Page Reviewed / Updated - May 2018
Prior to a discussion of how Irrevocable Funeral Trusts (I.F. Trusts), also called Irrevocable Funeral Expense Trusts (IFET), can be used to help qualify for Medicaid, it is helpful to understand exactly what defines an irrevocable funeral trust. A trust is a legal agreement in which an individual (called the Trustmaker) sets aside a certain amount of money for a specific purpose or person. In this case, the purpose of the trust is for funeral costs. In doing so, the money set aside is no longer considered to belong to the Trustmaker, provided the trust is “irrevocable”. Irrevocable means the trust cannot be changed, reversed, or dissolved for any reason.
There is considerable confusion about irrevocable funeral trusts because there are identical products with different names, and there are similarly named products with a similar purpose, which are critically different with regards to Medicaid eligibility. IFTs, Irrevocable Burial Trusts, and IF Trusts are identical products. Pre-paid funeral plans, pre-need funeral plans, life insurance for funeral expenses, and final expense insurance are the names of similar products, which may or may not be legally different.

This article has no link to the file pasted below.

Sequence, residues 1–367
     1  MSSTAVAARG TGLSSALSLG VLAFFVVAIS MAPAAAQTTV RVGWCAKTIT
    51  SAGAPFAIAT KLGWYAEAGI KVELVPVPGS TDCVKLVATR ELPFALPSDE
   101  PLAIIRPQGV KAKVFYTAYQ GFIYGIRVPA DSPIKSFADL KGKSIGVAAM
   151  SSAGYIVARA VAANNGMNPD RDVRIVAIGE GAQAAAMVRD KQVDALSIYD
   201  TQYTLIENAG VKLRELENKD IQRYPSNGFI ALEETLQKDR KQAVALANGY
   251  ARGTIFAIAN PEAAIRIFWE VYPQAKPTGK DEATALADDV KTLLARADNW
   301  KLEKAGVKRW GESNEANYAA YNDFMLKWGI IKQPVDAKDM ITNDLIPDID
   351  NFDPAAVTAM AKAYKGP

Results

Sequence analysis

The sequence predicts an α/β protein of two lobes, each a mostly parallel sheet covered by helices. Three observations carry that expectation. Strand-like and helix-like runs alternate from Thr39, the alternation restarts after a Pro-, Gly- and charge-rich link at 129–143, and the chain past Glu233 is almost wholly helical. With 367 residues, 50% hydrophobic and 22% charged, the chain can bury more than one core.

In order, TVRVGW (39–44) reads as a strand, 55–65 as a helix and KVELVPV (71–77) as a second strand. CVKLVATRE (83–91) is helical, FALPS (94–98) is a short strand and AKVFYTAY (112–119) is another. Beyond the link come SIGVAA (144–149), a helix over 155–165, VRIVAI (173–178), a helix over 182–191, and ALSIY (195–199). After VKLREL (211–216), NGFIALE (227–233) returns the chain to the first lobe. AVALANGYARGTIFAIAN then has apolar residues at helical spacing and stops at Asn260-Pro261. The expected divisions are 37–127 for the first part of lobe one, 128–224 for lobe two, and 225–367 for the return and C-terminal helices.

Aside from care needs, Medicaid considers three areas related to the applicant's finances: their monthly income, their countable assets, and their asset transfers as far back as 60 months preceding application. Generally speaking, in 2018, the applicant's monthly income cannot exceed $2,205. The value of their countable assets cannot exceed $2,000 (excluding home and vehicle), and they must not have made any asset transfers (to their children, for example) within the previous 60 months. (One exception is California, which has just a 30-month look-back period for asset transfers). Applicants with assets over the limits mentioned above are typically denied Medicaid coverage, and families are left to pay the significant cost of nursing home or other care expenses out-of-pocket.